Link between cultural factors and eating disorders questioned


WESTPORT, CT (Reuters Health) – Higher rates of eating disorders in Western nations are widely attributed to cultural norms and the media that promotes images of very thin female bodies. But the findings of a new study of Iranian women living in Iran and the US questions this cultural influence.

Dr. Traci Mann and Panteha Abdollahi of the University of California, Los Angeles, who studied 104 college women, found that women who lived in Tehran were more concerned about their weight than were women of Iranian descent who lived in Los Angeles.

On average, women in Tehran wanted to lose 9 pounds, while those in Los Angeles hoped to shed 5.5 pounds, according to findings published in the latest issue of the International Journal of Eating Disorders.

"Neither exposure to Western media nor acculturation to Western norms appeared to be related to symptoms of disordered eating and body image concerns," the investigators write.

In fact, the California researchers note, the findings lend no support to their three expectations going into the study: that women in Tehran would have fewer eating disorder symptoms; that they would be more satisfied with their bodies; and that among women in the US, greater acculturation would lead to poorer body image and eating habits.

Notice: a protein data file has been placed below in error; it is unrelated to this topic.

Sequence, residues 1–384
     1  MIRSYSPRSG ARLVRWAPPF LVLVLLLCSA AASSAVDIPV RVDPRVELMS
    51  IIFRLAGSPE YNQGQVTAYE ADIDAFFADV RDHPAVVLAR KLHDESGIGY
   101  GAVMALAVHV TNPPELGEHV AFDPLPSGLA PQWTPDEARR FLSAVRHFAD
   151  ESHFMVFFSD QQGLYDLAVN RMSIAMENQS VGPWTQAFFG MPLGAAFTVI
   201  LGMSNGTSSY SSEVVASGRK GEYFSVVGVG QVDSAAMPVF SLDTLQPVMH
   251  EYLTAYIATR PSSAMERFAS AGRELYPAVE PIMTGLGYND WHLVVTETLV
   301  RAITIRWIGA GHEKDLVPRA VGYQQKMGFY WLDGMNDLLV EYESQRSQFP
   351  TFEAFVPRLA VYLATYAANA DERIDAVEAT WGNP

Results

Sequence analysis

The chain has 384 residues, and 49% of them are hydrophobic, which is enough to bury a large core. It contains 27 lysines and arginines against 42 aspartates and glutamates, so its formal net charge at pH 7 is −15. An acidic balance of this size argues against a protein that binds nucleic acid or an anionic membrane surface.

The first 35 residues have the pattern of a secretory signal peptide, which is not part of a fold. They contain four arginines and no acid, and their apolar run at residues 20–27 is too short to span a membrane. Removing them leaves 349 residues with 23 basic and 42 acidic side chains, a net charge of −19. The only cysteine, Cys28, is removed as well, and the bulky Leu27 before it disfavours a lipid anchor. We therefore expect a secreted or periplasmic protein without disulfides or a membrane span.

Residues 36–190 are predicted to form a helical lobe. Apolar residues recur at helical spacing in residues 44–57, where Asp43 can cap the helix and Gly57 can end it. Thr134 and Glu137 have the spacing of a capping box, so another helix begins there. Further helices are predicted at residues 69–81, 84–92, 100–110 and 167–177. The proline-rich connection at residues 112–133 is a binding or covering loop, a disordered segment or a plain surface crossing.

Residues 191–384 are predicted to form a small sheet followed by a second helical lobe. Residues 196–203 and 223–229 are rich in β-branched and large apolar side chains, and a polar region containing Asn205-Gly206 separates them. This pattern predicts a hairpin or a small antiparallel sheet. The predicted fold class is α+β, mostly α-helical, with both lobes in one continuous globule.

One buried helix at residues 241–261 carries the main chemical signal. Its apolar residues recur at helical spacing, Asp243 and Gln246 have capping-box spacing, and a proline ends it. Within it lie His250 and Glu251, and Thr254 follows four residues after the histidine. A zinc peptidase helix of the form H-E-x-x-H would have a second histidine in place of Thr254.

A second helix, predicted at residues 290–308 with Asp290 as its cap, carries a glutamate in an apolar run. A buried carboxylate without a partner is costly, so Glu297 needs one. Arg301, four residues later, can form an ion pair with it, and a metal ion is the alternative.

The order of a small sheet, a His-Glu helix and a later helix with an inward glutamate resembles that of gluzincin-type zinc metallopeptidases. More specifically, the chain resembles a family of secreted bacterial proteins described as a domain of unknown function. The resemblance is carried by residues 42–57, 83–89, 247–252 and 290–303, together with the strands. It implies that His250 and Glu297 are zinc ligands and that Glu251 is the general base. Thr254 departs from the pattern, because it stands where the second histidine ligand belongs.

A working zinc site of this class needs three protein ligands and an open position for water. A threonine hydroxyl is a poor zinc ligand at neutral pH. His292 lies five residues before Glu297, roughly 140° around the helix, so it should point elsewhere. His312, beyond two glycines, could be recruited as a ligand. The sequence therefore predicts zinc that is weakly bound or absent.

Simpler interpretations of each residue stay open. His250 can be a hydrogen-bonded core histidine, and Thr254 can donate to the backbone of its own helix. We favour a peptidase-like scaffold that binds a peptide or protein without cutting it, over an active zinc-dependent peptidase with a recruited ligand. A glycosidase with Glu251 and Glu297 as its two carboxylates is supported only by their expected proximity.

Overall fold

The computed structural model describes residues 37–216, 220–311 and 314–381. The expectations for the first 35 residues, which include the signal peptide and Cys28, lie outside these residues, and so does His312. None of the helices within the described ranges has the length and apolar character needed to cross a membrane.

However, the findings do support those of a previous study in which women on the Caribbean island of Curacao were found to have a rate of anorexia comparable to those seen in Western nations.

In the current study, the Los Angeles residents had lived in the US for an average of nearly 15 years. The length of time a woman had spent in America seemed to have no bearing on her body image, tendency to diet or concern over gaining weight. No significant differences between women in Iran and the US were observed on these points.

The findings suggest that "Western norms and focus on body are not as central as previously thought in the development of eating disorders," the researchers write.

While the findings were surprising, the researchers suggest some possible explanations. For one, Iran was a "highly westernized" country before the Islamic revolution of 1978, and some of these Western influences may have lingered. In addition, there may be other cultural influences in current Iranian society that influence women's body image.

Int J Eat Disord 2001;30:259-268.

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